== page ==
I am a natural with dogs. I have the calm, haughty authority of the alpha male. Look at the wolf leader – that’s me. He returns from hunting, saunters into the middle of the pack. The others squeal and squirm for his attention. He strolls past, ignoring them. He finds his place, lies down, and only then can the rest of the pack cautiously approach for an approving sniff.
That’s me. A single glance, a snap of the fingers, a sharp command, and dogs do my bidding.
I was never taught this. I suspect it’s tribal memory, a deeply embedded instinct.
Consequently I don’t go to dog school, which Mrs B enrolled in about a decade ago. She has been diligent in her attendance ever since. In fact I think she’d go even if we didn’t have dogs.
But we do. Mabel, 11, a recidivist dog hater and barker Border Terrier. Tilly, 9 months, beyond mad, incontinent, terrified of the wheel barrow, a Boxer.
Both of them accompany Mrs B to school. Largely, I think, to make sure she behaves in class. To be fair, she has made progress. She has mastered all the commands, can perform a perfect finish, and is extremely good with other dogs.
School is one thing. Putting it into practice entirely another. If I whistle, she continues to ignore me. While she will happily walk with me without a lead, and doesn’t run away, she simply cannot keep quiet. She is very clean around the house, but still thinks it’s perfectly OK to come and re-arrange my things. Obviously at her age I couldn’t insist on her sleeping downstairs. One cardinal rule I picked up from the trainer is to ignore her when I return to the house, but this doesn’t seem to be working because she still wants to have a long chat the moment I’m through the door.
As for the dogs, well, we rub along fine.
Hmmm. Well there is only one leader in this pack but it’s me. The dogs know who is boss. Christopher is resistant. I did mean to find a husband training class that I can take him to in a bid to housetrain him better and elicit a better response to commands but frankly the professional view is that after 11 years he may be untrainable. When choosing, I opted for one of good pedigree but genes don’t count for much it seems. Some say that if you take on a rescue case and don’t know much about their origin then you can just work with what you have, rather than trying to train out the inherent characteristics that husbands who regard themselves as show material can be predisposed to. So the footprints on the kitchen floor, messy eating, lounging about on furniture, lack of recall, and so on are likely to be something I just have to continue dealing with. Patiently and without complaint. Because apparently using an electric shock device (like a taser?) on your husband is actually illegal. Who knew?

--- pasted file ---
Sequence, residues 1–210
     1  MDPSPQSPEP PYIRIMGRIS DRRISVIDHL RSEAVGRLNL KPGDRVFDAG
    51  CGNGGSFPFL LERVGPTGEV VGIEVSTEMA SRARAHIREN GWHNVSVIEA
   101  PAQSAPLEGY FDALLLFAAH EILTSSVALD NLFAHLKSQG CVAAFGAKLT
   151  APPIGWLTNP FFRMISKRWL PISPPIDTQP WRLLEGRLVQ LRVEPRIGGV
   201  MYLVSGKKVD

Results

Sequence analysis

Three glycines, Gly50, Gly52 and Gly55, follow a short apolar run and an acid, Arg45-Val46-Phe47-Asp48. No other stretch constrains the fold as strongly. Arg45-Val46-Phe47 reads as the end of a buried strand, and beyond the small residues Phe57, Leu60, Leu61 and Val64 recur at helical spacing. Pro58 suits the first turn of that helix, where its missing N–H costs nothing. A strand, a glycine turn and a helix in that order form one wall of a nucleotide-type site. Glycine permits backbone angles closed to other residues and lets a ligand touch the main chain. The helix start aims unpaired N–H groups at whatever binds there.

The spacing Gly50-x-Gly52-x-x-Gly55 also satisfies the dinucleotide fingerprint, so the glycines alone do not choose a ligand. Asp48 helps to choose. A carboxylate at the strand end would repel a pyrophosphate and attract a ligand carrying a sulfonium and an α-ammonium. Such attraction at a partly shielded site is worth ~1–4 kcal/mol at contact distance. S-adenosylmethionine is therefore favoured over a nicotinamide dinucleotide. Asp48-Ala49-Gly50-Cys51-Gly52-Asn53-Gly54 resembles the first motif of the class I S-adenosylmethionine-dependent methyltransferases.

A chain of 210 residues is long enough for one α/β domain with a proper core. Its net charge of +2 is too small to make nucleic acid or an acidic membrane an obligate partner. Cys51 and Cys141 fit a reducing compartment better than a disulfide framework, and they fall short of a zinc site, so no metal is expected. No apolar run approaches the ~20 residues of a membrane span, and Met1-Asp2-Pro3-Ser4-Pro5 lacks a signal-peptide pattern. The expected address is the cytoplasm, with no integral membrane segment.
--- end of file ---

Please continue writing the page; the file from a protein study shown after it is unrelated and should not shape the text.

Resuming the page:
But when it comes to the dogs Tuesday nights have become our regular night out. Having discovered the WONDERFUL Brian and his LoveK9 training school I am thrilled to say that Mabel, Tilly and I now are in the advanced class. This is despite the fact that Brian calls us the naughty ones. I don’t think I’m especially naughty. Mabel has her moments, and Tilly is off the scale naughty most weeks, but we’re making progress. Mabel has learned that not all dogs require barking at and plenty are actually quite friendly. Her favourite thing about dog school is the treats. She regards Tuesday nights as a trip to the all-you-can-eat-buffet. As soon as Brian or one of his lovely assistants Jean and Vicky rattles the Tupperware box with treats in it, Mabel performs like she’s on Broadway (the stage I mean, not Tooting). Secretly she’d like to be adopted by Jean, who pays her so much attention she thinks she’s teacher’s pet.
Tilly thinks dog school is youth club or speed dating (I’m not sure which) and just wants to hang out with her pals – she’s utterly without judgement (or sense) in making choices – often singling out the largest, intact male dog 8 times her size to be her new BFF. But she will sit, stay, come, down, paw pretty well for 9 month old Boxer. And as for me, I listen VERY hard to everything Brian teaches us and try hard to be relaxed (ish) and not get anxious when we let the dogs meet – but mainly I only remember to do these things when Brian says “BREATHE SARAH” and I realise I’ve been holding my breath for 4 minutes. It’s the most fun hour of the week, and the dogs are so much calmer and content for having some consistency in their routine and some rules to follow and boundaries to observe. Dog school ROCKS! If only Christopher realized how much easier life could be for him if he just gave in to my training!